Once achievable only for the Facebooks and Netflixes of the world, DevOps is going mainstream in 2018. But is the C-suite ready?
According to a recent report from Forrester, executives and DevOps practitioners are on very different pages when it comes to strategy, customer experience, and progress. Consider this: more than 60 percent of executives believe their organization’s DevOps plans have been implemented and will even expand in the new year. However, more than 50 percent of DevOps pros who are in the weeds and working through their pipelines every day disagree.
What’s leading to this disconnect?
During the last year, developers have begun to encounter three major transformations causing a shift left to make sure DevOps implementations are successful, despite also adding additional pressures to their daily responsibilities:
- As the sophisticated sensors, AR and location/camera-based app use cases increase, there is a rise in digital engagement across platforms, meaning more to measure, test, and develop.
- The growing need for faster turnarounds of new releases puts added pressure on DevOps pros to speed up the process for continuous deployment (CD), leading to the growth of continuous testing and continuous integration (CI).
- The ever-changing technical landscape brings more tools (commercial and open-source) and technologies to the market to enhance DevOps adoption.
[ Want DevOps advice from other CIOs? See our comprehensive resource, DevOps: The IT Leader's Guide. ]
While the C-suite’s view on the current state of DevOps is optimistic, it is possible to get everyone on the same page in the new year. To do so will require aligning executives’ objectives with DevOps practitioners’ realities, starting first and foremost with setting realistic, attainable goals based on happenings within the industry to show how DevOps can help, not hinder the process.
To ensure success, developers and CIOs need to work together on these three areas in 2018:
Go back to basics
Today, most developers rely on legacy systems to support different processes throughout the software development lifecycle (SDLC). Legacy architectures mean legacy testing methods – and those aren’t nearly as versatile or elastic as they need to be for today’s agile workflows and DevOps processes.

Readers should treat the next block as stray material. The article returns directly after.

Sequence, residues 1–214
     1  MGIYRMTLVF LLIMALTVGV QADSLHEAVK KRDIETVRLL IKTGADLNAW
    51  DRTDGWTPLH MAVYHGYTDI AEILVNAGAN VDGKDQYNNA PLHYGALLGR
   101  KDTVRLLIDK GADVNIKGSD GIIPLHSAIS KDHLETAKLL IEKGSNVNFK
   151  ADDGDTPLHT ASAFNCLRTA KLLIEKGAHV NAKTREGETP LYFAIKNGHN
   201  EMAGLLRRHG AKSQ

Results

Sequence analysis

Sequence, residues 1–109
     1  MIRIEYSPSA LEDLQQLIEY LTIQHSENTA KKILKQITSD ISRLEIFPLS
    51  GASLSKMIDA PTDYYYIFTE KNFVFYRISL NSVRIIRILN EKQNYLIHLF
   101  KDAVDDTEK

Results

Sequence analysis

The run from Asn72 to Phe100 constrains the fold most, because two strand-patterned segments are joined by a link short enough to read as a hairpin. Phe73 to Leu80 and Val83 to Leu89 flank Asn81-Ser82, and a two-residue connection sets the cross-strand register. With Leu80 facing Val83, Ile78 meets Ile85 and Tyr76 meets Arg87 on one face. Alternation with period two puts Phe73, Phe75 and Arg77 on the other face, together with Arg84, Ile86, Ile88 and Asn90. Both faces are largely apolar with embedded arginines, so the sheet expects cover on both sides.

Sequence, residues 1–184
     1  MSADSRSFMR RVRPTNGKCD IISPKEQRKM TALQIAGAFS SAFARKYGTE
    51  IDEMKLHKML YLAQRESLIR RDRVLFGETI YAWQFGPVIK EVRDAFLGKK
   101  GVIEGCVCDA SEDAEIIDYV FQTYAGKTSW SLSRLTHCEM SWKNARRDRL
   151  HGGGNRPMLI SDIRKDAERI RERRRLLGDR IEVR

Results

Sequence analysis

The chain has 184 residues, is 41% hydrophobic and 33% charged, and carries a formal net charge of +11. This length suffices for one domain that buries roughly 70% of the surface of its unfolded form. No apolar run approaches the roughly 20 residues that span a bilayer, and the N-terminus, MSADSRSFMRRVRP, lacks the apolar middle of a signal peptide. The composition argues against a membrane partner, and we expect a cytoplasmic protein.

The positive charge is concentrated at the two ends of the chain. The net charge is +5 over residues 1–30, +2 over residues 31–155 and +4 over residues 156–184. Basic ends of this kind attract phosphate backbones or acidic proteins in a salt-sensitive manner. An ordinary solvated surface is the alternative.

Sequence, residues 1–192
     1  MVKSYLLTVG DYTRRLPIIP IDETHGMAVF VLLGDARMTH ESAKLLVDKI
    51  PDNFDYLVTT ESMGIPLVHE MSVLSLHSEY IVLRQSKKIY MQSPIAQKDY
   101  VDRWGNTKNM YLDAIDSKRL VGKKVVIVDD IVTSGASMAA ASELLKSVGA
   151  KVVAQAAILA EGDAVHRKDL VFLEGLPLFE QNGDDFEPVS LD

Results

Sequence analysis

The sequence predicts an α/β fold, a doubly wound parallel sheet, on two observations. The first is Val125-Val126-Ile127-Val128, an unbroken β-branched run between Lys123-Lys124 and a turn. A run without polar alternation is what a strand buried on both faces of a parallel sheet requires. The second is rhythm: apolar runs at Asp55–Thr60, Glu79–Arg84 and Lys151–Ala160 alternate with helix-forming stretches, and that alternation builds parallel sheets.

To keep up with the pace of software and app releases, developers need to churn out and automate different test scenarios quickly and in real-time with continuous testing; they don’t have months, weeks or even days to test, analyze and update code before a new release. Shifting to automation and migrating to more modern platforms will give teams the flexibility they need.
[ Read our related article by ServiceNow CIO Chris Bedi, How automation helped my IT team make time for innovation. ]
In the new year, executives and developers must focus on modernizing their architectures, especially as new technologies like artificial intelligence, augmented reality, and virtual reality begin to pick up steam. When planning budgets for 2018, executives should consider designating a portion of it for ripping and replacing their legacy architectures.
Keep up with the cloud
One of the first steps to updating legacy systems begins with moving to the cloud model. To ensure quality throughout the SDLC, more than 95 percent of testing should be automated. Developers need stable development and testing environments, which requires a shift to the cloud. After all, unstable dev/test environments hinder DevOps success.
The cloud typically yields much higher uptime than any other in-house lab or server. While the move can be daunting, the return is astronomical for everyone throughout the company, from IT to R&D.
Jump on the IoT bandwagon… sparingly
IoT is something all executives want to talk about and focus on internally within their organizations. While IoT will continue to be a big focus for many DevOps professionals in 2018, it shouldn’t be for all.
Of the different vertical markets, the financial services, healthcare, retail, and automotive markets should consider advanced IoT use cases to optimize their pipeline. For the rest of the market though, adoption will be slow – and those organizations should instead focus on optimizing their pipeline in other ways, ensuring things such as their test automation frameworks are in top-notch shape.
Bonus tip: Carefully consider the future of AI
Looking at today’s top headlines, it may seem like everyone in the industry is talking about AI – and AI only – and the C-suite wants to get in on the conversation. However, most organizations have yet to determine how DevOps will be used to increase AI in the enterprise. Instead of demanding a plan of action to tackle AI in the new year, DevOps pros and executives should work together to determine how they can best incorporate AI into their DevOps strategies.
My recommendation? Consider how it can help to bolster analytics automation.
For executives and DevOps pros, working together on these priorities will encourage greater collaboration and better alignment on DevOps in 2018.
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Eran, Very nice article. Than you for writing this. There is a lot of pressure on developers to deliver fast in DevOps environment. While testing can avoid functional defects, I was wondering what you think about keeping the code quality high. Can you please share your thought on whether this will have any impact on code quality? if yes, how one can mitigate this risk